Comparative Weapon Analysis of Crimea Troops and Eastern Ukraine Militias

    In both the Crimea and Eastern Ukraine anti-government troops, without identification on their uniforms, popped up supposedly from nowhere. Nobody had any doubt that the troops in the Crimea where professional Russian soldiers. They were highly disciplined, armed with the latest Russian equipment and well supported. It has been assumed by many that the Eastern Ukraine militias occupying government buildings are also Russian soldiers. Arto Pulkki at Suomen Sotilas, a Finnish Military magazine, makes a compelling case that the Ukraine militias are not Russian troops, but rather an assorted rabble of civilians and retired or reserve soldiers

    Here’s a brief summary of the radical materiel differences between the two cases:

    • In Crimea all soldiers used modern small arms (5,45 mm AK74M, 7,62 AKMS, 7,62 mm SVDS, 9,30 mm VSS etc.) as currently issued by Russia, but in East Ukraine you see mainly previous generation AKS74s and AK74s from the 70s and 80s.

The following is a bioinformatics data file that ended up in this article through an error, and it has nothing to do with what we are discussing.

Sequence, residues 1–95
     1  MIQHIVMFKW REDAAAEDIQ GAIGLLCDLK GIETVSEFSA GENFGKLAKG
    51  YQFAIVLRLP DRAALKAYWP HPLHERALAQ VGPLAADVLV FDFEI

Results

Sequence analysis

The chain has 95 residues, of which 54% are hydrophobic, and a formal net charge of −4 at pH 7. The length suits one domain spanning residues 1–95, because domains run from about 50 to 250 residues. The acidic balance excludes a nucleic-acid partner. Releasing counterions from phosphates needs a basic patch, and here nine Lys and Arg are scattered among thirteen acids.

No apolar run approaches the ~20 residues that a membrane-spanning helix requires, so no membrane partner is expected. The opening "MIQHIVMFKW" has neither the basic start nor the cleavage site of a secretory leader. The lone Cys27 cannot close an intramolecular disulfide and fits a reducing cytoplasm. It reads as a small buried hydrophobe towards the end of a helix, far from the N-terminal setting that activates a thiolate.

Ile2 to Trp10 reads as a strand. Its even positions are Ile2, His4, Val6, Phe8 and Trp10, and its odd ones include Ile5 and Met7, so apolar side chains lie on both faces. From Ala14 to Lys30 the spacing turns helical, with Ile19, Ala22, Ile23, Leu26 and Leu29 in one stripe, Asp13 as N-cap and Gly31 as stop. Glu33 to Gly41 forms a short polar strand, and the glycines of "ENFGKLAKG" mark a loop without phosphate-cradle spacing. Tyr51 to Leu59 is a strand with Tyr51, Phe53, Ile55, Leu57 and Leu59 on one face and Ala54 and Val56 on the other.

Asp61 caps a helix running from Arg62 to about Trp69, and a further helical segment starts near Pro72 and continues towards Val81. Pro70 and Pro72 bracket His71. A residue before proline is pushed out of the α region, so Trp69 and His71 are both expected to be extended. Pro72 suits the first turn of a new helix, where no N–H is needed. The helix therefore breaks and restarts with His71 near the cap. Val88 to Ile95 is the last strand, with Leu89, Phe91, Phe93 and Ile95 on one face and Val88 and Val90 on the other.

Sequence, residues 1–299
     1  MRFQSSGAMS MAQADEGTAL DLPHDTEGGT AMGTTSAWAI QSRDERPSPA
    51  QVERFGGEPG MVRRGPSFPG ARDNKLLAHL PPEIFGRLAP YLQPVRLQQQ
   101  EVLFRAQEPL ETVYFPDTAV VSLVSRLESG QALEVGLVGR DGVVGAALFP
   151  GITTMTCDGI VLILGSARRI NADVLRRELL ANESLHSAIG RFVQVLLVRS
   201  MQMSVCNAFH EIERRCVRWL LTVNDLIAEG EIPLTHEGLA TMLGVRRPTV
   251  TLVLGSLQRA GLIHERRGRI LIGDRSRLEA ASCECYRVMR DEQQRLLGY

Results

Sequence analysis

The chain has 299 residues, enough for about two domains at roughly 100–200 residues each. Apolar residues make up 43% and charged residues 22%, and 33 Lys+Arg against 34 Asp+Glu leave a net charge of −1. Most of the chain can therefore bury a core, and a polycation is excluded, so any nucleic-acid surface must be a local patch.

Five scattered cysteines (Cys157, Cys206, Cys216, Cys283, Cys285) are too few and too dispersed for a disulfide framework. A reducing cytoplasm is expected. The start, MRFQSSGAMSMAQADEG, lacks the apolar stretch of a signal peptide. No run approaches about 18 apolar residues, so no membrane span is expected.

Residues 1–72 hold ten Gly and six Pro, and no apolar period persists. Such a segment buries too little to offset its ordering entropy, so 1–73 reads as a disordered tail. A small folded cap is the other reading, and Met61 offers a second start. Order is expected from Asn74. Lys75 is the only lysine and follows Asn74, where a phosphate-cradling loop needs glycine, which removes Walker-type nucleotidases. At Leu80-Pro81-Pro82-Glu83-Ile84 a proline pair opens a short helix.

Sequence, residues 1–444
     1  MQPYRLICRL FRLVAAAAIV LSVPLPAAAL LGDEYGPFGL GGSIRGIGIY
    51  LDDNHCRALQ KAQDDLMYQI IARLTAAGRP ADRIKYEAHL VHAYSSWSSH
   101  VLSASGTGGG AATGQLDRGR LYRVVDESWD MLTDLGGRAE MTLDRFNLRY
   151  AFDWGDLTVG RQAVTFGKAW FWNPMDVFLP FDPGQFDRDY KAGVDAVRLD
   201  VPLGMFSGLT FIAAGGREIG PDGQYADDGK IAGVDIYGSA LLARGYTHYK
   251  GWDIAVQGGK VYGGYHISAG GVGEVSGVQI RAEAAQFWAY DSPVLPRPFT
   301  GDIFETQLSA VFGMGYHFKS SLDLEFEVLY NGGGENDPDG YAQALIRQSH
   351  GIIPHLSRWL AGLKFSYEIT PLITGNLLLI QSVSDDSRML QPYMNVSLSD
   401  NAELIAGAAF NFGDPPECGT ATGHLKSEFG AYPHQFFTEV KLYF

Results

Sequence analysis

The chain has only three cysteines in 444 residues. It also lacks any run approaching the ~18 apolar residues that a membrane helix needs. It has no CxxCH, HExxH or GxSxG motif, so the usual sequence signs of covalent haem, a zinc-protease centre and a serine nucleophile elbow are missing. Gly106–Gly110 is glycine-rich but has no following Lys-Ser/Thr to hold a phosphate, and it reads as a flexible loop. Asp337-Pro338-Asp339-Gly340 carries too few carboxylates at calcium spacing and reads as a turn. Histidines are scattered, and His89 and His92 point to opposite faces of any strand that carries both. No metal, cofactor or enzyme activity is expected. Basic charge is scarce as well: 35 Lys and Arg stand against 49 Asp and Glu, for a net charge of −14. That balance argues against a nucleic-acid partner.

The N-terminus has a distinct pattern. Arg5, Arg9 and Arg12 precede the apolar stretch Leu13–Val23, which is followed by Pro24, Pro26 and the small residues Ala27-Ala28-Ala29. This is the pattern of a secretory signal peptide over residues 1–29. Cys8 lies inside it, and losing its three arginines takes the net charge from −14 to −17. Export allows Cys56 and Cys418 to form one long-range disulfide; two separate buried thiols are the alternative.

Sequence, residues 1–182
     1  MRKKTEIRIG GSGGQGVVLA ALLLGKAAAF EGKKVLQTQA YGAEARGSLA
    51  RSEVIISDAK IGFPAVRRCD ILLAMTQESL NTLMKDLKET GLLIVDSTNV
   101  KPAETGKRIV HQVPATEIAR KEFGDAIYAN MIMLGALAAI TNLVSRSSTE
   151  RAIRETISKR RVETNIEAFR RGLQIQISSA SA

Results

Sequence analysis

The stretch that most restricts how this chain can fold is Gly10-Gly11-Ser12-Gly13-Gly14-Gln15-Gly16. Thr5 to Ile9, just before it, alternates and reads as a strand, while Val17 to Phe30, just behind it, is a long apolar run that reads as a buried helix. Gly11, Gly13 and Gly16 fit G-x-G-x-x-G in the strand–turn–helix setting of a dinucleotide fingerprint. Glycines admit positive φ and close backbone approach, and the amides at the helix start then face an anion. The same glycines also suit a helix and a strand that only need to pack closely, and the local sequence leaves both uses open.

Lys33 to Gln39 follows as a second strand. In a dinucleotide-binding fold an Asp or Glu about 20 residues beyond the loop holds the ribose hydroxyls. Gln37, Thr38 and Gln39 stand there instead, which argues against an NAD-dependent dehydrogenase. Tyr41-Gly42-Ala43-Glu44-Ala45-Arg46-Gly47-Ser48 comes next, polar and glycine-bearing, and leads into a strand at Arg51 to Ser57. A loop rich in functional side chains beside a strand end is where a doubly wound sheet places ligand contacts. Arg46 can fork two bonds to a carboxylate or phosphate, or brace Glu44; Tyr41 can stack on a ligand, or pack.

• In Crimea half of the soldiers armed with AKs were also issued with GP-series of 40 mm grenade launchers, as expected, but in East Ukraine you see practically none of these.
    • In Crimea practically all of the troops, line and special, wore modern ballistic protection for head and upper torso, but in East Ukraine you see practically none.
    • In Crimea 25 % of soldiers were armed with excellent 7,62 mm PKP/PKM light machine guns, but in East Ukraine you see no PK-series, only Soviet-era light 5,45 mm RPK74s..
    • In Crimea 25–50 % of soldiers were also armed with RPG-series of lightweight disposable anti-armor weapons, but in East Ukraine you see practically none.

    The videos comparisons are also convincing. The East Ukrainian militias appear both incompetent and undisciplined, a danger to themselves and any non-combatants around them. These videos are of East Ukrainian militias:

    This is a video of troops in the Crimea (skip to about 2:00, its a long video):

    Thanks to Pekka for the tip.

    Steve Johnson

    I founded TFB in 2007 and over 10 years worked tirelessly, with the help of my team, to build it up into the largest gun blog online. I retired as Editor in Chief in 2017. During my decade at TFB I was fortunate to work with the most amazing talented writers and genuinely good people!